Synonyms and other taxonomic changes
classification in the guide follows(1)
>1700 spp. in >200 genera of 36 subfamilies in our area, about 14,890 spp. in __ genera of ~50 subfamilies worldwide (info courtesy Drs Carlson, Fortier, and Sharkey). Published estimates as of 1984 estimate that only one half to one third of all existing species had been formally described at that time.
subfamilies not yet in the guide:
Adeliinae ( spp. in 2 genera in our area)
Dirrhopinae ( spp. in 1 genus in our area)
Exothecinae ( spp. in _ genera in our area)
Hormiinae ( spp. in _ genera in our area)
Masoninae (2 spp. in 1 genus in our area. Rare. southeastern USA)
Meteorideinae ( spp. in 1 genus in our area)
Microtypinae ( spp. in 1 genus in our area)
Pambolinae ( spp. in _ genera in our area)
Rhysipolinae ( spp. in _ genera in our area)
Rhyssalinae ( spp. in _ genera in our area)
rarely over 15 mm; smallest 1-3 mm.
Antennae apparently with 16 or more segments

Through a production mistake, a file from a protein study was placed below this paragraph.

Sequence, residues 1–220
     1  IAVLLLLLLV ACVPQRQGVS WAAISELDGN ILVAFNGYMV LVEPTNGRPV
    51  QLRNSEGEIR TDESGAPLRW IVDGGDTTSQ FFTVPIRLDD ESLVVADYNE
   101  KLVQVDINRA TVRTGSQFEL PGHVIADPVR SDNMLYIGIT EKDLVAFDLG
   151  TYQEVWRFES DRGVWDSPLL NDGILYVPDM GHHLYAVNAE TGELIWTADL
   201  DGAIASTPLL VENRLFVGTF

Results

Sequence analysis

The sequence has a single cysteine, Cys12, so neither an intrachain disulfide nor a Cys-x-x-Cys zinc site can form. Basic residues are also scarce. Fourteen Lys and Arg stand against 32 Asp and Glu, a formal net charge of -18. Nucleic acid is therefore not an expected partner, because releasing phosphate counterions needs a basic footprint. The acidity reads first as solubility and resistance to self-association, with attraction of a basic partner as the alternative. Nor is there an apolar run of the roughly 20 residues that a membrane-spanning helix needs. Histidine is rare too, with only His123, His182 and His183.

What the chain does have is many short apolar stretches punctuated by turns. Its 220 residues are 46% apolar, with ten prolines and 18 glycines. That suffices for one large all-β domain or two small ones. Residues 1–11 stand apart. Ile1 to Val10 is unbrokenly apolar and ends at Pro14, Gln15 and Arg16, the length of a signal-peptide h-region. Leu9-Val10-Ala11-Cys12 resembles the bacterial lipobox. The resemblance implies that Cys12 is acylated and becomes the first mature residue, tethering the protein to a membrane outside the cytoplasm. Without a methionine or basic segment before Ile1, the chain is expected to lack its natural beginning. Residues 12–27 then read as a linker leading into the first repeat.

Female ovipositor length varies widely, from very long
For more info see also(2)
. Also see pp. 98-99 of Fortier 2009, downloadable as a PDF
for labeled diagrams of braconid body and wing morphology used in identification.
Many life histories adapted to parasitizing hosts as diverse as aphids, bark beetles, and foliage-feeding caterpillars. Many species are egg-larval parasitoids, laying eggs within host eggs and then not developing until the host is in the larval stage. Unlike ichneumon wasps, many pupate in silken cocoons outside the body of the host and others spin cocoons entirely apart from the host.(4)
Also unlike ichneumonid wasps, very few braconids use host pupae to complete their life cycles, except for fly parasitoids in Alysiinae and Opiinae.
Examples of life cycles:
Some are used for pest control, especially in agriculture.